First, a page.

Lamington Drives

Lamington Drives Fundraising

A lamington or pie drive is one of the proven stayers of fundraising. This form of fundraising is best order-driven, with forms distributed, orders collected (along with money) and baked goods delivered on a set date. Many companies now provide a wide range of baked goods to appeal to different tastes.

If you do feel like making your own, here are few recipes….

Classic Lamingtons – courtesy of Australian Women’s Weekly

4 eggs
2/3 cup(150g) caster sugar
1 cup(150g) self-raising flour
1/4 cup(35g) cornflour
25 gsoft butter, chopped
1/3 cup(80ml) boiling water
3 cups(270g) desiccated coconut
Chocolate icing

4 2/3 cups(750g) icing sugar mixture
1/2 cup(50g) cocoa powder
20 gsoft butter
3/4 cup(180ml) milk

Method

Preheat the oven to 180C (160C fan-forced). Grease and flour a 20cm x 30cm lamington pan, line base with baking paper.
Beat eggs in a small bowl with an electric mixer until light in colour. Gradually add sugar; beat for 8 minutes or until the mixture is thick. Mixture should form thick ribbons when the beaters are lifted.
Meanwhile, sift flour and cornflour together three times. Combine butter and boiling water in a small heatproof bowl.
Transfer egg mixture to a large bowl. Sift the flour mixture over the egg mixture; using a balloon whisk or a large metal spoon, gently fold the flour into the egg mixture, then fold in the butter mixture.
Pour mixture into prepared pan. Bake in a moderate oven for about 25 minutes or until sponge springs back when touched lightly in the centre and comes away from side of pan. Turn cake onto a wire rack to cool.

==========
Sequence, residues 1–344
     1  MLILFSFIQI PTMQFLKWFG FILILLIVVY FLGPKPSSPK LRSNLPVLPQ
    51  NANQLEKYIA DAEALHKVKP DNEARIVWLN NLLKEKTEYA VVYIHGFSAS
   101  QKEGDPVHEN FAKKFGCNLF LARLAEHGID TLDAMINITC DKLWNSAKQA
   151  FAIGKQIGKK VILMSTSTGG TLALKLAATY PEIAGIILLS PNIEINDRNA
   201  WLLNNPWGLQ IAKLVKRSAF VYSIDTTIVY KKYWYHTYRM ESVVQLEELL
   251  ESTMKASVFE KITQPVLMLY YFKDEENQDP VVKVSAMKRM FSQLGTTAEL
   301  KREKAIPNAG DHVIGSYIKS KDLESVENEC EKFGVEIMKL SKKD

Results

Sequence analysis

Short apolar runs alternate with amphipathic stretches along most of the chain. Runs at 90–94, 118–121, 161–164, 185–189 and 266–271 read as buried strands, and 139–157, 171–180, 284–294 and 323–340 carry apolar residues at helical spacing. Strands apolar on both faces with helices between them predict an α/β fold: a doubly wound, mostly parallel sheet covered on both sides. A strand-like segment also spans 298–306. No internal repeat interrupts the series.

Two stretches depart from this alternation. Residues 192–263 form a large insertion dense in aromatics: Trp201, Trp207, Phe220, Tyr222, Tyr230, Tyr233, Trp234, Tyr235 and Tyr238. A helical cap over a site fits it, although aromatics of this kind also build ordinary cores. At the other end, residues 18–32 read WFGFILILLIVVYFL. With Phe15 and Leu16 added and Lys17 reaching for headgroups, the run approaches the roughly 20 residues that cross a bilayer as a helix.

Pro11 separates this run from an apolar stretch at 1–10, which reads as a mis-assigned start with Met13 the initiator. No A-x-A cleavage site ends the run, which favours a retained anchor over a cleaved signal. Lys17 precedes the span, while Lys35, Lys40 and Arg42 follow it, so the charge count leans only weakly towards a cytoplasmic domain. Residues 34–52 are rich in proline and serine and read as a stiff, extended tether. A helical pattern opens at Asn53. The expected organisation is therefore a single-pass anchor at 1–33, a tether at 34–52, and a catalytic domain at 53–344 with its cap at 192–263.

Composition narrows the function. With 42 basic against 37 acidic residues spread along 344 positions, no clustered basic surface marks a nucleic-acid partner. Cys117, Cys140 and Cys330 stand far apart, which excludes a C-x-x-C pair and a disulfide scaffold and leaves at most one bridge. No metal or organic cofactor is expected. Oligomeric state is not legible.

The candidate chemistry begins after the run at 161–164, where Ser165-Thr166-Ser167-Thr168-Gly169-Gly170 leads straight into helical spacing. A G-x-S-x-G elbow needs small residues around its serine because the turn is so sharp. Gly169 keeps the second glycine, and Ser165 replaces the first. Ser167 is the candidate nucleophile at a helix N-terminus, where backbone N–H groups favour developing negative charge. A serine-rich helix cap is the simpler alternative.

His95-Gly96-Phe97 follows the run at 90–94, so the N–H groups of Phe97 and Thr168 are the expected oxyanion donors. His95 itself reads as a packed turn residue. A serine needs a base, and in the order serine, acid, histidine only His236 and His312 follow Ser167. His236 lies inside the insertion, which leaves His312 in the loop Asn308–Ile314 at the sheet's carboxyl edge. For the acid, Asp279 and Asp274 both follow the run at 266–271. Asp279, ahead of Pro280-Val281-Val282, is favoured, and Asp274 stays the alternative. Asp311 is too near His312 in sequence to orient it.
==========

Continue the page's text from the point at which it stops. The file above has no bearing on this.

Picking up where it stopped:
Cut cake into 20 even pieces
Meanwhile, to make chocolate icing, sift the icing sugar and cocoa into a large heatproof bowl; add the butter and milk; stir over a medium saucepan of simmering water until icing is smooth and thick enough to coat the back of a spoon. Divide icing mixture into 2 small bowls.
Place coconut in a shallow bowl.
Using a large fork, dip each piece of cake briefly into icing until cake is coated in icing. Hold over bowl to drain off any excess. Dip half the cake pieces in one bowl of icing and the other half in the second bowl of icing. (We have separated the icing into two bowls, as cake crumbs will thicken the icing and make it difficult to use.) If the icing becomes too thick, stand it over hot water while dipping, or reheat gently with a little more milk. If necessary, strain the icing into a clean bowl.
Toss cake gently in coconut. Transfer cake to a wire rack; stand until set

 

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